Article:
For example: Some players have a hitch in their service motion. It throws the timing of the body’s kinetic chain out of synch, forcing the arm to swing with excessive action.
  • There is no perfect way to stroke the ball, but there is one time when the stroke must be perfect -IMPACT. Regardless of grip type, backswing or follow-through, impact must be exact for a player to hit a specific shot. This involves having control over the racket head and swinging the racket with optimal speed.
  • Following is a biomechanical look at the four basic strokes: Forehand, backhand, serve and volley, as well as footwork.


Shoulder speed has been shown to contribute 25% of racket speed. The rotation of upper arm, forearm, and hand, account for the remaining 75% of racket speed at impact.

Research indicates that the segmental contributions are influenced by grip type and ball level. Forward movement of the upper arm is a key feature of forehand mechanics, producing 30% of the racket speed. The hand plays an integral role in generating racket speed. The follow-through is across the line of the body and a recovery step brings the player into the ready position.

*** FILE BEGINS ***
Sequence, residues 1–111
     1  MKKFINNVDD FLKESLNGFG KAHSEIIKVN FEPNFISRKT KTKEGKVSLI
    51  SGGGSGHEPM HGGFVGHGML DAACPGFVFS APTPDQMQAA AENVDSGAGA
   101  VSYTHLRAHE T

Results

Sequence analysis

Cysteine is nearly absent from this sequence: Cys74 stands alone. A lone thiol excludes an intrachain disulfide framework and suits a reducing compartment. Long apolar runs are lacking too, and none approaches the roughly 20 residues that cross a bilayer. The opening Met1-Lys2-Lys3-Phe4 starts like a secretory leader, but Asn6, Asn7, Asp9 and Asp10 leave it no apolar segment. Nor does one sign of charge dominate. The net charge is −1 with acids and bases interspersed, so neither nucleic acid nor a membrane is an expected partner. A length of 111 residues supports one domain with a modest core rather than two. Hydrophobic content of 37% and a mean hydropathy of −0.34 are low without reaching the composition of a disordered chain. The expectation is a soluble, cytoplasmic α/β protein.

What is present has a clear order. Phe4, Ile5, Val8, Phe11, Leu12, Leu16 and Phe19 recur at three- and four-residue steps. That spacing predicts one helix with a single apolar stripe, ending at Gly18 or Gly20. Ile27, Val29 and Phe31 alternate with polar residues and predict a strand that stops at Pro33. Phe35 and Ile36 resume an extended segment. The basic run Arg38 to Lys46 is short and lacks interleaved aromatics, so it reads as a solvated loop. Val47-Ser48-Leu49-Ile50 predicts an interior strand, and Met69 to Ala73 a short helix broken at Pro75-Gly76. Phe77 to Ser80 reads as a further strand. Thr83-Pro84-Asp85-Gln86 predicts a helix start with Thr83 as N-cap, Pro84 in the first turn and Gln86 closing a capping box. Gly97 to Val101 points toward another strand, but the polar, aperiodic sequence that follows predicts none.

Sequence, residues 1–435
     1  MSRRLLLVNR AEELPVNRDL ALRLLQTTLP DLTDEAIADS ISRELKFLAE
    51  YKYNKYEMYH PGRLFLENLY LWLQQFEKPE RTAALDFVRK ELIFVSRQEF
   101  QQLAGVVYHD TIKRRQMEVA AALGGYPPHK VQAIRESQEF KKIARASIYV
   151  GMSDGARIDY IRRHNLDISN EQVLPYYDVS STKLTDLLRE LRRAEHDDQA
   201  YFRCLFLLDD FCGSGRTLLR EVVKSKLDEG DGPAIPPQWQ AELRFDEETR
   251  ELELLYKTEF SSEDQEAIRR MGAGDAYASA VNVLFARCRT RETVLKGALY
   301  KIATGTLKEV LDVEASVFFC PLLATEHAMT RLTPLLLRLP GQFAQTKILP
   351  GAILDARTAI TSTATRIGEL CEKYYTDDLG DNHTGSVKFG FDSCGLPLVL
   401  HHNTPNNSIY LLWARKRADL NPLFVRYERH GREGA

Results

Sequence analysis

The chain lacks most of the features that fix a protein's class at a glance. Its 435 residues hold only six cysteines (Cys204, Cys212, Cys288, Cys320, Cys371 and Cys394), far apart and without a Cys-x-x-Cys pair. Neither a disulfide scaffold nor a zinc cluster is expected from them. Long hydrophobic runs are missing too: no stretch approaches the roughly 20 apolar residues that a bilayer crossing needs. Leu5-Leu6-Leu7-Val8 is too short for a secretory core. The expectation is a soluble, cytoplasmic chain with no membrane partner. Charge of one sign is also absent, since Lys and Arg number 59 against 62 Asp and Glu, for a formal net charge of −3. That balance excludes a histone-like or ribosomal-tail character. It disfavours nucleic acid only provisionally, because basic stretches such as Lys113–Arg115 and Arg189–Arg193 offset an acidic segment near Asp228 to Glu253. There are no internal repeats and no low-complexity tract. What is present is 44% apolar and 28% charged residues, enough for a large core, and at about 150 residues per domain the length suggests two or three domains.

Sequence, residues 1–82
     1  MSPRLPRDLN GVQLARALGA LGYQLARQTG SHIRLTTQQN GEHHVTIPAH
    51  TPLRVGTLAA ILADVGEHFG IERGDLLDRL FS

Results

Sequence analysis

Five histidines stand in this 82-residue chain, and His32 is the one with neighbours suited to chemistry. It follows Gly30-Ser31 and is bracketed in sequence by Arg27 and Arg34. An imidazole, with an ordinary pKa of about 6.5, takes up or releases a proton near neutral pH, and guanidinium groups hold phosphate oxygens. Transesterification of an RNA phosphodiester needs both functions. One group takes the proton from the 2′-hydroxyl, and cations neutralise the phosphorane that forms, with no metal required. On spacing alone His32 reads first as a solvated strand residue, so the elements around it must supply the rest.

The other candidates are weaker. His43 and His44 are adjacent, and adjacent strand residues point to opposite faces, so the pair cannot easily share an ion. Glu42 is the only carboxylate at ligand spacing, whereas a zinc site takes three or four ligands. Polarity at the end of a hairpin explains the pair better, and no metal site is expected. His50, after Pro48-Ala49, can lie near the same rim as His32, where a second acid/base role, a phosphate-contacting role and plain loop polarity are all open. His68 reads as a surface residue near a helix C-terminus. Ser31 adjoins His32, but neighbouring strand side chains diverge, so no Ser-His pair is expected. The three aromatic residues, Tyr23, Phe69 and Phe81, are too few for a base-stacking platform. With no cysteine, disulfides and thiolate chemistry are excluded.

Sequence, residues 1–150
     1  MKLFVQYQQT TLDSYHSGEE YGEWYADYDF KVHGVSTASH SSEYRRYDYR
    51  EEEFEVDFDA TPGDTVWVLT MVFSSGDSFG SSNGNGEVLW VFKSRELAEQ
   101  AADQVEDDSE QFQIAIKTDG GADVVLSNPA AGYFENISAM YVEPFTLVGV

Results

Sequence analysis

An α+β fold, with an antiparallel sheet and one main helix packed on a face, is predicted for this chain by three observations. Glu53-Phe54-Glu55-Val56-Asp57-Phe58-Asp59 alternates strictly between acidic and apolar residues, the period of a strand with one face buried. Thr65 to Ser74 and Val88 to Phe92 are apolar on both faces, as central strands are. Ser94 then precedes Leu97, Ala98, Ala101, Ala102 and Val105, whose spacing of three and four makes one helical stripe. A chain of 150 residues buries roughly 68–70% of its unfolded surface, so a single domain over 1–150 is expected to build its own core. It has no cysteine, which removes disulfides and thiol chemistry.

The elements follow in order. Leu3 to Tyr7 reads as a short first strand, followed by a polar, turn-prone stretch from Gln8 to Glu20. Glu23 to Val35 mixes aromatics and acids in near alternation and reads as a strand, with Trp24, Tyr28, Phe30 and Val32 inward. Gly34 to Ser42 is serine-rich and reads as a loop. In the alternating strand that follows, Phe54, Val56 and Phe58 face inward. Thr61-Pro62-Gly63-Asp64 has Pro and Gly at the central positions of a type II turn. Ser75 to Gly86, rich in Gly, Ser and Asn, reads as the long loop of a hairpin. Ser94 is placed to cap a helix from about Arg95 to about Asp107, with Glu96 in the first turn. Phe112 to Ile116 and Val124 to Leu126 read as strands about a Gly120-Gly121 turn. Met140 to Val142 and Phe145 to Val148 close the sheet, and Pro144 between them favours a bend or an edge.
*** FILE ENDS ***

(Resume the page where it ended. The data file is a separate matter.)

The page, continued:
Like the forehand, racket speed at impact is derived from a sequencing of trunk and shoulder rotation as well as arm and hand extension.

The backhand underspin has an impact point that occurs closer to the front foot and closer to the body. At impact the racket shoulder moves more toward the net than the topspin stroke.

The two-handed backhand is a three-segment sequence (hips and trunk / upper arms and hands) as opposed to the five-segment sequence of one handed backhands (hips, trunk, upper arm, forearm and hand). All things being equal, the kinetic chain is virtually the same for both types of backhands and should be observed as such.


The serve is the most strenuous stroke in tennis and deserves critical analysis.
The toss should be positioned in front and slightly to the left of the front foot, and should be impacted at the top of its flight. The swing to impact involves the lower limb drive, together with trunk rotation that produces the shoulder rotation - this represents 20 percent of the racket speed. The rotations of the upper arm, forearm and hand account for the remaining 80 percent of racket speed. Hand and wrist flexion (Forearm snap/pronation) are the last movements and produce 30% of the total racket speed. Therefore the wrist action is an extremely important aspect of serve mechanics.